You come to yourself on the floor, chair having toppled backwards, and a sore spot on the back of your skull from where it struck the concrete. You seem to be okay otherwise. You have no idea what happened, but you don’t especially want to experience it again. Still, you cannot abandon your investigation of the journal. It has not moved, still in its place on the desk, open to the first page of the second entry.
Discover that the second page of the journal was written by someone else. Do that thing again.
Also, Potatoes: Become the main theme of ED.
Throw up the horns and hum some hard rock to yourself as you get up and head-bang the journal.
If that disappoints me by not doing anything, just pick up the journal, lie down on the floor, and start reading again. Maybe get a pillow of some variety.
As you look up at the ceiling, remember that you have to fix that hole in the roof, or else the rain will get in and start eating away at the floor again.
I'm probably going to read this as a story, as I'm struggling to find ideas for suggestions. It's awesome to read, so I'll leave you to it for the most part.
I reiterate my question of where in the timeline of George's noo society Carrie finds herself at the time of writing said diary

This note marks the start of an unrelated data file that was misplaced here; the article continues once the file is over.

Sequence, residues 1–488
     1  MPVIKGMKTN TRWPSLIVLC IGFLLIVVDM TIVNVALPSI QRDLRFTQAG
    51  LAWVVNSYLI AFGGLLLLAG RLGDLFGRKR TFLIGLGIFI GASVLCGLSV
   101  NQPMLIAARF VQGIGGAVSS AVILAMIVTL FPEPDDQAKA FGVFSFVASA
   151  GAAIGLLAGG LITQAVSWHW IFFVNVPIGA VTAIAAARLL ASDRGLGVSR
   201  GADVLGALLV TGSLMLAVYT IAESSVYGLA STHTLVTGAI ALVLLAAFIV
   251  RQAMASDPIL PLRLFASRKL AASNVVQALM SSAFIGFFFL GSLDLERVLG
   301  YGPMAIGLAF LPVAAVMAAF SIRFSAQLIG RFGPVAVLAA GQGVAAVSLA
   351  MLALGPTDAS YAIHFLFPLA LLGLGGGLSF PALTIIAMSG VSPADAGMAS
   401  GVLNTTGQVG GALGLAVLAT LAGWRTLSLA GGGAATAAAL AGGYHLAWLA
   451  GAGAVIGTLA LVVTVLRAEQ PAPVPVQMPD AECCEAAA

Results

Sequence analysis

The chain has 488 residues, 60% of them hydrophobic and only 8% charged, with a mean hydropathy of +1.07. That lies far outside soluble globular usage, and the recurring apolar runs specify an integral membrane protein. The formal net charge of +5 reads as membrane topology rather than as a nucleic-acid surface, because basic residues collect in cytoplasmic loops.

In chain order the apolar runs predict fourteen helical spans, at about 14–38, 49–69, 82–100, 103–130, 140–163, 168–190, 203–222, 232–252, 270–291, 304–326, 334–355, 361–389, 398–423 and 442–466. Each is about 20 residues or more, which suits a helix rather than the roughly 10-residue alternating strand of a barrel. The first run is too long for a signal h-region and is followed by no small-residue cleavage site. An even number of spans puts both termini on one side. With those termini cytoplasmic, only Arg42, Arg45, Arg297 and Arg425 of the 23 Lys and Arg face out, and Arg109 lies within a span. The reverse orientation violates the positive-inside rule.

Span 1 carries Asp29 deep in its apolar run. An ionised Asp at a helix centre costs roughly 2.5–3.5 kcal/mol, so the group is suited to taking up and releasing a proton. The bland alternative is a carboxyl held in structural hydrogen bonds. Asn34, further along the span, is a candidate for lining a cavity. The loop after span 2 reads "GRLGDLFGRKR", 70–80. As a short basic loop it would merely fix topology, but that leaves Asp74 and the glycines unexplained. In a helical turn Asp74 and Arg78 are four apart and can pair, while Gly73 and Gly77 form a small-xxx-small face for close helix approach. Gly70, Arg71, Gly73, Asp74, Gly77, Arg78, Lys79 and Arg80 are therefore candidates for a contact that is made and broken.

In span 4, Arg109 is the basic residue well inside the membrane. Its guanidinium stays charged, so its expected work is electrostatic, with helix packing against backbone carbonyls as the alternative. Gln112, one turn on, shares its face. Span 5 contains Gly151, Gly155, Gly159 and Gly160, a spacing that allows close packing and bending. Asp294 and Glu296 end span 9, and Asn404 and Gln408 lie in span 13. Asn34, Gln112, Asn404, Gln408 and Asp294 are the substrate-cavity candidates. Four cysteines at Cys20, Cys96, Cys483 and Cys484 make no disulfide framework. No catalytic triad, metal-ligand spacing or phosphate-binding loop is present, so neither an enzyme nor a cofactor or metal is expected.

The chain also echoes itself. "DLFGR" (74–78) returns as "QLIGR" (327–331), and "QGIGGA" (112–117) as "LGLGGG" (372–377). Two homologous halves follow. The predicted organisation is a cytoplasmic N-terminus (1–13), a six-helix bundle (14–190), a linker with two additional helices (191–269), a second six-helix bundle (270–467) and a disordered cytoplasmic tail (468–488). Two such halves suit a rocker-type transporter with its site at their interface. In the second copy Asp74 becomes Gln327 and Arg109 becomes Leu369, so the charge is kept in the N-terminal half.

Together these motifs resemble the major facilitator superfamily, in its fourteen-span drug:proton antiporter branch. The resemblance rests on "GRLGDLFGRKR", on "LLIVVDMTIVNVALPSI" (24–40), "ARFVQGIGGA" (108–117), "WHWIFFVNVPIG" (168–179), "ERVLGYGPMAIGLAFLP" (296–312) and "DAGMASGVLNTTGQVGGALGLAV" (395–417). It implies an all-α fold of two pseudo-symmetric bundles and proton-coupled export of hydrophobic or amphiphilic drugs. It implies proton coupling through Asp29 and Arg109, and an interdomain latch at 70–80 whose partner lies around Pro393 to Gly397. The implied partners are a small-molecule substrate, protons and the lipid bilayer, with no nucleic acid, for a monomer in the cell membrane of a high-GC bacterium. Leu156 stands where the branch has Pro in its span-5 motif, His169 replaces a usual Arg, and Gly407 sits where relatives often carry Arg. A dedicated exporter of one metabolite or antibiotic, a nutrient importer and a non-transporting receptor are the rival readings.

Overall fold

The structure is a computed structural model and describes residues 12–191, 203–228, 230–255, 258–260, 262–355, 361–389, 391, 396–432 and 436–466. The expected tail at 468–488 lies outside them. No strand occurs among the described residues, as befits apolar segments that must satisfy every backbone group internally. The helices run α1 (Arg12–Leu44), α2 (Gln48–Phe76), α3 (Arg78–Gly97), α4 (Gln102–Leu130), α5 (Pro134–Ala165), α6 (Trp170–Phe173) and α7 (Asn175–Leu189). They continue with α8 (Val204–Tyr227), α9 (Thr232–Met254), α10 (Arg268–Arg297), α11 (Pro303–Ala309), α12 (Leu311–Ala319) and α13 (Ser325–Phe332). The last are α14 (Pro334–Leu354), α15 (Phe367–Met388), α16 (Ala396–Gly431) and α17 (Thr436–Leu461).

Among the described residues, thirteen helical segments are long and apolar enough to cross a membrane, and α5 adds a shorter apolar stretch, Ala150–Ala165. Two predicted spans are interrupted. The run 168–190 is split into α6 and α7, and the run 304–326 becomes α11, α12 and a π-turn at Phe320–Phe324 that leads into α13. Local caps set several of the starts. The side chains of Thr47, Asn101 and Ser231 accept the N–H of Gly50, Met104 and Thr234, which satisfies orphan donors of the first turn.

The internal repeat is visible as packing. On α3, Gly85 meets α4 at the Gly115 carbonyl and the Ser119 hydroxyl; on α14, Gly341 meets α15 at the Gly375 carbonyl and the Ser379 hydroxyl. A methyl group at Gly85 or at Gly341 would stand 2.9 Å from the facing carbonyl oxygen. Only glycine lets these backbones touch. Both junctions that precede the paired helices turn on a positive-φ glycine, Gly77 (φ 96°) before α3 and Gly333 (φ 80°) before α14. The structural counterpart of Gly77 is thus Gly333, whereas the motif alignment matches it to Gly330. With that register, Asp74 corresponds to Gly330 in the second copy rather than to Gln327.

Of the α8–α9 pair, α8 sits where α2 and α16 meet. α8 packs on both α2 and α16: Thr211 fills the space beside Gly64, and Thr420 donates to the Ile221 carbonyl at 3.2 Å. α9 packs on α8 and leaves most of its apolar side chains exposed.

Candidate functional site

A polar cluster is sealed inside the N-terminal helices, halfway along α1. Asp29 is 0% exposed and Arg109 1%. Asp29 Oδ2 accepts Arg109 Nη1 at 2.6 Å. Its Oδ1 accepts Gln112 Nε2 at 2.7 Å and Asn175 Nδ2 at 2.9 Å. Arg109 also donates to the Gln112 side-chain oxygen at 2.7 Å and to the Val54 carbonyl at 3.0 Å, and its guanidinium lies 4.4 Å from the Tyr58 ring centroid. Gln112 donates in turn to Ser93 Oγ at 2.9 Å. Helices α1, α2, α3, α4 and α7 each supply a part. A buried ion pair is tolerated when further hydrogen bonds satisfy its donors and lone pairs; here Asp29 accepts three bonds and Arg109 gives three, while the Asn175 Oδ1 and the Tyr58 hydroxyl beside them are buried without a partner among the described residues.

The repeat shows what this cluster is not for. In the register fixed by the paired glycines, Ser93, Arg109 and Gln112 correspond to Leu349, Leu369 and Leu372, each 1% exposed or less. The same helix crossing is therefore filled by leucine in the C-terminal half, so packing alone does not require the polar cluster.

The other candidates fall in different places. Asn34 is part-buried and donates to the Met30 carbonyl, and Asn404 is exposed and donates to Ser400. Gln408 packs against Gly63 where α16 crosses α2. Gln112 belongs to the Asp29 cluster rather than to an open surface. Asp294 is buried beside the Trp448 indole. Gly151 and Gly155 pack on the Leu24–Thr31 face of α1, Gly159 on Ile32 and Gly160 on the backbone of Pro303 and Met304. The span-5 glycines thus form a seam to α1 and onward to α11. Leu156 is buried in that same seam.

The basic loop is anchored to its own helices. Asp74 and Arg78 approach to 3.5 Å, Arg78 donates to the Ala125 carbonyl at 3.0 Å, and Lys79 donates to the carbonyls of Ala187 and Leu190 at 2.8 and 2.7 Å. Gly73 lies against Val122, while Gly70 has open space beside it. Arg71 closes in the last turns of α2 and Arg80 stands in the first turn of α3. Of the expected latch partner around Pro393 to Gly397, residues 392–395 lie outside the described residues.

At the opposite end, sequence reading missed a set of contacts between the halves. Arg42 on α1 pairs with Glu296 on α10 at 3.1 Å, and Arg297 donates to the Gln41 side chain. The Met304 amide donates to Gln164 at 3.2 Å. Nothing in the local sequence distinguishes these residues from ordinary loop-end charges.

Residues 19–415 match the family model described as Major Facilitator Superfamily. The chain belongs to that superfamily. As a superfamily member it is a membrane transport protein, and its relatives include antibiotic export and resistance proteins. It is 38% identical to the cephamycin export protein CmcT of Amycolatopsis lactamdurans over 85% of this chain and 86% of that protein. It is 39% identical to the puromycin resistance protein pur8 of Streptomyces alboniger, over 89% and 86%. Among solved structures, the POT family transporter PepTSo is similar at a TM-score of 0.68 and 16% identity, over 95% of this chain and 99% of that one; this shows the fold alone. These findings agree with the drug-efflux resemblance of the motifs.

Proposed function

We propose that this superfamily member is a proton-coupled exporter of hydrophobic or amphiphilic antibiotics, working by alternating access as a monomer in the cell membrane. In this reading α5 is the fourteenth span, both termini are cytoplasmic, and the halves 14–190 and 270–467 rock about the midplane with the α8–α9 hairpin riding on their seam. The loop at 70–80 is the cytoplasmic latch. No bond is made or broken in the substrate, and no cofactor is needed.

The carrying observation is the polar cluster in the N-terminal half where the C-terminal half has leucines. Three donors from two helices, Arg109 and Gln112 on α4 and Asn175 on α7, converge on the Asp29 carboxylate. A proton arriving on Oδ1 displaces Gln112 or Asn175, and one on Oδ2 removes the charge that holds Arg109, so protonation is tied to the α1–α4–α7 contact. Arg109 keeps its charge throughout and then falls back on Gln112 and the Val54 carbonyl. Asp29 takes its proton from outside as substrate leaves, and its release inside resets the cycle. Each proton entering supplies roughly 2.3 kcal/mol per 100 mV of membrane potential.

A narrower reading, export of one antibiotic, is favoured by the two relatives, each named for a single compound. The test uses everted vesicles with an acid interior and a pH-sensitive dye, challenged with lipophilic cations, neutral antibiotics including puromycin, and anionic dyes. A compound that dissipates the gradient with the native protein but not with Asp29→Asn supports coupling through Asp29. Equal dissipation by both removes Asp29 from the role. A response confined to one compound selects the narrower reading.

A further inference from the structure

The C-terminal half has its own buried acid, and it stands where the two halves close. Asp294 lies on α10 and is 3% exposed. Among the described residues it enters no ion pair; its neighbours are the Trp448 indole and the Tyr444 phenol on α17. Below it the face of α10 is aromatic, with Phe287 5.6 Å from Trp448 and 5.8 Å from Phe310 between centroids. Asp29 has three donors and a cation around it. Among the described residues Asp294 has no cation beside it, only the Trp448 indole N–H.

You right the chair and sit down. You start to read the second entry, making sure to focus on the words alone, not letting yourself be drawn into the deeper meanings yet. You can feel the memories tugging at your mind, inviting you in, but you politely decline their offer. The second entry is not marked to tell you when it was written, but the ink is blue instead of black.
‘Spike. God, what a monster. It wouldn’t surprise me if he broke into my room and read this.
‘Hey, Spike! Thanks for reading my diary! Go die in a hole somewhere!
‘There, hopefully he’s gone now. I really have to make sure George doesn’t send me out with him again. Every second in that truck with him was like being in a cage with some half-tame wild animal. I didn’t know if he was going to jump over and savage me or god knows what else. I hate guys like that. Act like everything is already theirs, they just haven’t stopped to take it yet.
‘It’s sort of like being back in high school here. There are seventeen people now, and everyone seems to be falling right into place. Next thing you know George and Spike and their cronies are going to get varsity jackets and start dunking people in toilets. No one made them the leaders, but it happened and no one seems willing to question it.